Crispy, crackling nuggets of pork belly are better than traditional bread croutons, any day of the week. Pork belly “croutons” add crunch and saltiness to salad, plus they have a succulent, fatty middle that a square of stale bread can’t compete with.
But you probably don’t need to be sold on loving meat croutons over bread croutons. So let’s get right down to the recipe. How does one turn a tough slab of pork belly into gorgeous layers of thin, crispy skin, velvety fat and tender meat? It’s easier than you think. Plus, pork belly is a relatively inexpensive cut of meat and easy + inexpensive + incredible flavor = Primal happiness.
In this recipe for seared pork belly, the belly is first seasoned, braised and chilled. The process is simple, but takes about 24 hours so plan ahead. The pork belly is edible and quite tasty at this point but the last step, searing it quickly in a pan, is what really transforms pork belly into something special.
But here’s the best part. Pork belly and kale are unbelievably good together. If you identify more as a meat lover than a kale lover, this pork and kale salad will help you see kale in a new way. Fatty pork and raw kale are a delicious yin-yang combination.
Time in the Kitchen: About 24 hours to braise and chill, plus 30 minutes of hands-on cooking
1/2 teaspoon black peppercorns (2.5 ml)
1/2 teaspoon fennel seeds (2.5 ml)
1 teaspoon coriander seeds (5 ml)
1 1/2 to 2 pounds pork belly, with skin (680 to 900 g)
2 bay leaves
1 onion, sliced
2 garlic cloves, sliced
1 cup water (240 ml)
2 large bunches of lacinato /Tuscan kale
1 large lemon, juice and zested
1 tablespoon plus 1 teaspoon Dijon mustard (20 ml)
2 small shallots, finely chopped
1/2 teaspoon kosher salt (2.5 ml)
1/3 cup olive oil, or more to taste (80 ml)
Skin-on pork belly can be found at Asian grocery stores or be special-ordered from your butcher.
Preheat the oven to 250 °F (120 °C).
Combine the peppercorns, fennel and coriander seeds in a dry sauté pan and toast over medium-high heat until fragrant, about 2 minutes. Transfer to a cutting board and crush with a rolling pin or pulse a few times in a coffee grinder.
Season the pork liberally with salt (1 to 2 teaspoons/5 to 10ml) then place skin side up in a baking dish, ideally one that’s not too much bigger than the belly. Sprinkle the crushed spices, bay leaves, onion, garlic and spices over and around the belly.
Pour the cup of water in the baking dish then cover the dish tightly with foil, then a lid. This makes an extra airtight seal. If the baking dish doesn’t have a lid, then just make sure the foil is really tight.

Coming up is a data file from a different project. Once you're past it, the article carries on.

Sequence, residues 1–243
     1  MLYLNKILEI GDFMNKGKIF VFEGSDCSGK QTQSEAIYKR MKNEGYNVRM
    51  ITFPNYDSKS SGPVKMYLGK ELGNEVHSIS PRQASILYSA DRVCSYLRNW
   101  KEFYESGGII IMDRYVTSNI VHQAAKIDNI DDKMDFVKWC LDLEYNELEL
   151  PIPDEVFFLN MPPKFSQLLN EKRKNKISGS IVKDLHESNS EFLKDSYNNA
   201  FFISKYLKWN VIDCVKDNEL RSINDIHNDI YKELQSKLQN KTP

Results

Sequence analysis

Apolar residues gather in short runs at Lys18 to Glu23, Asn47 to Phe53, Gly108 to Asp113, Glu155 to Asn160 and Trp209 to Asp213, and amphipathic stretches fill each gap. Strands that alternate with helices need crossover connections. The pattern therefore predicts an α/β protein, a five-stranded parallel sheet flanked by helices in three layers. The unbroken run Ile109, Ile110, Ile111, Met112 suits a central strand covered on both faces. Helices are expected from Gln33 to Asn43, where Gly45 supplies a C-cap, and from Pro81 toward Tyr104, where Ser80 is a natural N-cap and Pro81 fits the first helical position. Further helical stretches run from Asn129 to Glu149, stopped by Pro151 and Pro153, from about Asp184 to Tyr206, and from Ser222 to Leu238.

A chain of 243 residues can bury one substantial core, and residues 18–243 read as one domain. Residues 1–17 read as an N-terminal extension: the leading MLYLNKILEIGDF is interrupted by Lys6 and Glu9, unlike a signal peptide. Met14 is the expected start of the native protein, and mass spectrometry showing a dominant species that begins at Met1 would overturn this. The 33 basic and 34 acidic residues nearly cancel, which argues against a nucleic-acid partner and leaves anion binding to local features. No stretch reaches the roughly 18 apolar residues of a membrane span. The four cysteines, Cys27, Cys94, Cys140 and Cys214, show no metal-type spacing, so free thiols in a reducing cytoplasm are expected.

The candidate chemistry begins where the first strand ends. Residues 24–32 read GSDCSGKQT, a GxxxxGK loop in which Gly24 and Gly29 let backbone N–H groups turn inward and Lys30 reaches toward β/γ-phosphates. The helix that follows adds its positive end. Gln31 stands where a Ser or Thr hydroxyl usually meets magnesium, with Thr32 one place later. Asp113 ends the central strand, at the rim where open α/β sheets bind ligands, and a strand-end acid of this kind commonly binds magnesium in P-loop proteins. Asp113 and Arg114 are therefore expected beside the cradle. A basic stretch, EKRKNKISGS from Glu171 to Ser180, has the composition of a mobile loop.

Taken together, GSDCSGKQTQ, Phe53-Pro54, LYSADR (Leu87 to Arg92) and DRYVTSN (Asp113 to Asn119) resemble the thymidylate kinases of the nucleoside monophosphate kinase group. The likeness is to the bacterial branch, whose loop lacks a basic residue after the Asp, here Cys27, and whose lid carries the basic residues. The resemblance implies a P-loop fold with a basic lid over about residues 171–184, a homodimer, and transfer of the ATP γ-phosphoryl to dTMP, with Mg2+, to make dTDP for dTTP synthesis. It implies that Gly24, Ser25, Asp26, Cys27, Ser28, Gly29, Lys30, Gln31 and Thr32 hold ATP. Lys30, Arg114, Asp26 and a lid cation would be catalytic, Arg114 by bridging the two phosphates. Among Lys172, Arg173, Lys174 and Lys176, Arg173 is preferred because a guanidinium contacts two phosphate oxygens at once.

Braise the pork belly until the meat is very tender, about 4 1/2 hours.
Take the dish out of the oven, remove the lid and foil and let the liquid cool completely. Then, transfer the dish to the refrigerator overnight.
Remove the chilled pork belly from the pot. Scrape off most of the seasonings and/or onion that are stuck to the meat. Discard the liquid the pork was braised in.
Cut the pork belly into small bite-sized squares, about 36 pieces. Taste the pork and season with salt if needed. Set aside.
Pull the kale leaves off the inner stalk (discard the stalk) then tear or cut the leaves into small pieces. Put the kale in a large bowl.
In a small bowl, whisk together the lemon juice and zest, mustard, shallot, salt and olive oil. Add more olive oil to adjust the flavor and make it less tangy, if desired.
Pour the dressing over the kale leaves and massage it into the leaves with your hands. Massaging the kale leaves helps make them tender. Set aside.
Lightly coat a sauté pan with fat (lard or coconut oil are options) and put it over medium-high heat. (Pork skin can really stick to a hot pan, which will ruin your seared pork belly. For this reason, a non-stick pan works best for searing pork belly. However, if you don’t want to use non-stick then a well-seasoned cast iron pan is the next best choice for this recipe.)
Add pieces of the pork belly to the pan in small batches, skin side down. Placing the pieces close together in the pan so they can lean up against each other will keep them from tipping over. Sear until the skin is deeply browned and crispy, then continue to sear the pork on all sides until nicely browned. Beware of hot fat splattering while you cook. If you own a splatter guard, use it!
It will probably be necessary to drain fat out of the pan between batches. If too much fat collects in the pan, the pork won’t get crispy and the hot fat will splatter like crazy.
Toss the warm pork belly “croutons” with the kale and serve.